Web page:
The OPP have become a factor in the current Ontario election debate, with the OPPA campaigning against Tim Hudak’s PCs and a new search warrant dropped on Queen’s Park in recent days seeking yet more gas scandal documents.
Apart from its significance for energy concerns, partisan political involvement by the OPPA appears to me to violate S.13a of the Ontario Police Services Act.
13. If authorized to do so by the police services board or chief of police, a municipal police officer may, on behalf of the police force,
(a) express views on any issue, as long as the police officer does NOT, during an election campaign, express views supporting or opposing,
(i) a candidate in the election or a political party that has nominated a candidate in the election, or
(ii) a position taken by a candidate in the election or by a political party that has nominated a candidate in the election; and
Liberal commentator Warren Kinsella asks “Has the OPP become a criminal organization?” His tweet on that subject is:
OPP get heat for anti-#OPC ad. So they leak anti-#OLP shit to media, mid-race, to make up for it. They’re out of fucking control. #Onpoli (June 6, 8:31am)
My perspective, admittedly speculative, on the controversial timing of the release of the search warrant is a little different.
There are probably lots of folks inside the OPP appalled by the actions of the OPPA and intent on doing their jobs in compliance with the law.
After the release of the first search warrant in March 2014 and the subsequent testimony before the Justice Policy Committee by OPP Commissioner Lewis and the investigating officer Detective Constable Duval of the Anti-Rackets Branch, the OPP would have realized that their investigation was attracting intense public attention.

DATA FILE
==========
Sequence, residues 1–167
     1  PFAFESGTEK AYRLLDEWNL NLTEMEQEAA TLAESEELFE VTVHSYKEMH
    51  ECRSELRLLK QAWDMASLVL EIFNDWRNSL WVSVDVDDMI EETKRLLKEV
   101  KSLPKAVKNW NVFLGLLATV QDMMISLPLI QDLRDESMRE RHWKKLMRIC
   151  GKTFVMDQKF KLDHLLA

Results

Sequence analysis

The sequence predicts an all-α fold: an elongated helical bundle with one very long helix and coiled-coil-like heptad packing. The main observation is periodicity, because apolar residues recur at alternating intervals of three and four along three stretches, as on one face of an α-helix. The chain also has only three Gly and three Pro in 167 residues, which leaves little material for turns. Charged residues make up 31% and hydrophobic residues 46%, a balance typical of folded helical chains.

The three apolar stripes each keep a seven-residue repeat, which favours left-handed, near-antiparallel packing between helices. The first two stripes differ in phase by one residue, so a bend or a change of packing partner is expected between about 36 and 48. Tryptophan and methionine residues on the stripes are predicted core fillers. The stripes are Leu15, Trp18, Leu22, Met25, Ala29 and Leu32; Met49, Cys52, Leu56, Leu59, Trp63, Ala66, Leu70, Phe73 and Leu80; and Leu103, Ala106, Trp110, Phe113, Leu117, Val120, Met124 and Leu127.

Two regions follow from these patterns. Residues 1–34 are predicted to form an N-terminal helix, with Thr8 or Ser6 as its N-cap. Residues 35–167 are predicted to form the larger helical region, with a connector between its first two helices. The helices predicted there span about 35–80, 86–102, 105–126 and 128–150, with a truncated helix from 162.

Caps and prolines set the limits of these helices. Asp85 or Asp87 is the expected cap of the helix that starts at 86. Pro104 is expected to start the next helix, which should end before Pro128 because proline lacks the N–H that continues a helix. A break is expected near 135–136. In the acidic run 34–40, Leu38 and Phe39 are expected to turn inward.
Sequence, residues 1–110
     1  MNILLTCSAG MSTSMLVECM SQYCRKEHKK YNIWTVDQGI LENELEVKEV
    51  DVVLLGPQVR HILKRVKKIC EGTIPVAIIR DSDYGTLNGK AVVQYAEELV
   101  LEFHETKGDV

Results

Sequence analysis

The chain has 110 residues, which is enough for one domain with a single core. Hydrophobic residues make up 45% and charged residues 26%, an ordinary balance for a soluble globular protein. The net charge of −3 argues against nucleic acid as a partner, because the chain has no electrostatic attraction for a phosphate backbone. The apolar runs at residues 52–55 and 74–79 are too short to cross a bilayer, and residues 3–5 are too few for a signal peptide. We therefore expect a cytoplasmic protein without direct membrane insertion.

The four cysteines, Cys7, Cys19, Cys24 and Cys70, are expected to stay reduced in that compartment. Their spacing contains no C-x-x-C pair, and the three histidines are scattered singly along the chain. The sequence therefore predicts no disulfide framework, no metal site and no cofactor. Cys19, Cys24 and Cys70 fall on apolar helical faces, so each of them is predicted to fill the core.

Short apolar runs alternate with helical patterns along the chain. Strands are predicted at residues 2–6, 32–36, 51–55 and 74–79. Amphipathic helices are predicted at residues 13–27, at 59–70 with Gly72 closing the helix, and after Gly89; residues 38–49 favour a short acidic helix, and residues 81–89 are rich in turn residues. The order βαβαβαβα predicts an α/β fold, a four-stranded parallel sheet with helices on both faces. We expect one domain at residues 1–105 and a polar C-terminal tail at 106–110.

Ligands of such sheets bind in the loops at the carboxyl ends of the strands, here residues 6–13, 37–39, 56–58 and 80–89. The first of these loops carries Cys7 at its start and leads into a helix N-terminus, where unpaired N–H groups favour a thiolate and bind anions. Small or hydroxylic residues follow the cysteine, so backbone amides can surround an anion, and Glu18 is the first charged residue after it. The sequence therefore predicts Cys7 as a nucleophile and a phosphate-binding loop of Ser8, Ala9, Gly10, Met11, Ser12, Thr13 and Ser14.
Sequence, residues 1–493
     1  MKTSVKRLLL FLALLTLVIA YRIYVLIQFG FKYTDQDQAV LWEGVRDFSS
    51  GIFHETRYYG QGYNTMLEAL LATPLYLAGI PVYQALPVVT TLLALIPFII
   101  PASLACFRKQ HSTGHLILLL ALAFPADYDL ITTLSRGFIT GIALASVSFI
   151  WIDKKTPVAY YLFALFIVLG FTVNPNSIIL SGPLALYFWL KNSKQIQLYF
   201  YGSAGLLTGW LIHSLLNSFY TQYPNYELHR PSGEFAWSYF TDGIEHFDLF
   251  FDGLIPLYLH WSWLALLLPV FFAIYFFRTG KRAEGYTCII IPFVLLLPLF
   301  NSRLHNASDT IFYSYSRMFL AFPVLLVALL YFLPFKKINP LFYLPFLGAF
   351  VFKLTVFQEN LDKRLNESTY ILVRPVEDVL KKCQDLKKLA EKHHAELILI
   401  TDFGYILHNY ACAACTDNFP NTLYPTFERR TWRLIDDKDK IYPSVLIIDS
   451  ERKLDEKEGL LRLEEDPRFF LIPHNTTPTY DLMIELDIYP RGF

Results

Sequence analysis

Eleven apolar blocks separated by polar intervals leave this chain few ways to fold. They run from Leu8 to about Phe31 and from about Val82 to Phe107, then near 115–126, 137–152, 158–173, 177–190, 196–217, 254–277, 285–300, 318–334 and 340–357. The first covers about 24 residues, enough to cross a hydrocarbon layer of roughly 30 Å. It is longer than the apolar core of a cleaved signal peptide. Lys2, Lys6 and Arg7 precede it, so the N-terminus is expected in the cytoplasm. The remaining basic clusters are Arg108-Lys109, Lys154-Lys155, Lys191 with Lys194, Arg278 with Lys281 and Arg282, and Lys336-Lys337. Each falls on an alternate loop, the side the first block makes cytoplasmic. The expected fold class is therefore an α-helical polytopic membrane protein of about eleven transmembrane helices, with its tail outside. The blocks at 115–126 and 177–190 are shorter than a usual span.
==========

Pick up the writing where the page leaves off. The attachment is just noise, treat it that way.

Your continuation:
We now know that in April, the OPP interviewed former Premier McGuinty and obtained information on the existence of documents that they believe might be material to their investigation of document destruction in his office. It seems possible that, having obtained this information, the OPP would have been concerned that seeking an order to obtain those documents could bring down the minority Wynne government.
Perhaps while the OPP was preparing to obtain a court order, the government did fall on the eve of the budget vote.
The OPP may now be concerned that the documents they are seeking might get deleted, particularly if the vote goes against Wynne on Thursday. With Hudak promising a judicial inquiry into the gas scandal, there will be many Liberal insiders who must be very twitchy.
If Hudak does have an opportunity to move ahead with a judicial inquiry, he will have to be careful to do so mindful of the need to protect the right to a fair trial of potentially accused individuals.